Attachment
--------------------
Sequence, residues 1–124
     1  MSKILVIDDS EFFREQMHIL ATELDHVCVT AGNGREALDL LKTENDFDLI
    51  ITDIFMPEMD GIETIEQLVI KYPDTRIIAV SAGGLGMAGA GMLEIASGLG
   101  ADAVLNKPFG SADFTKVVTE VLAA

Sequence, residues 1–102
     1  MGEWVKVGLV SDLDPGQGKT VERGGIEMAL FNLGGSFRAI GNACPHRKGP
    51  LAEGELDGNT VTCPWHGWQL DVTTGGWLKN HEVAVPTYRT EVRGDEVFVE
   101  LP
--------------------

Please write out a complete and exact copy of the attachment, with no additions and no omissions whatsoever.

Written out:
Sequence, residues 1–124
     1  MSKILVIDDS EFFREQMHIL ATELDHVCVT AGNGREALDL LKTENDFDLI
    51  ITDIFMPEMD GIETIEQLVI KYPDTRIIAV SAGGLGMAGA GMLEIASGLG
   101  ADAVLNKPFG SADFTKVVTE VLAA

Sequence, residues 1–102
     1  MGEWVKVGLV SDLDPGQGKT VERGGIEMAL FNLGGSFRAI GNACPHRKGP
    51  LAEGELDGNT VTCPWHGWQL DVTTGGWLKN HEVAVPTYRT EVRGDEVFVE
   101  LP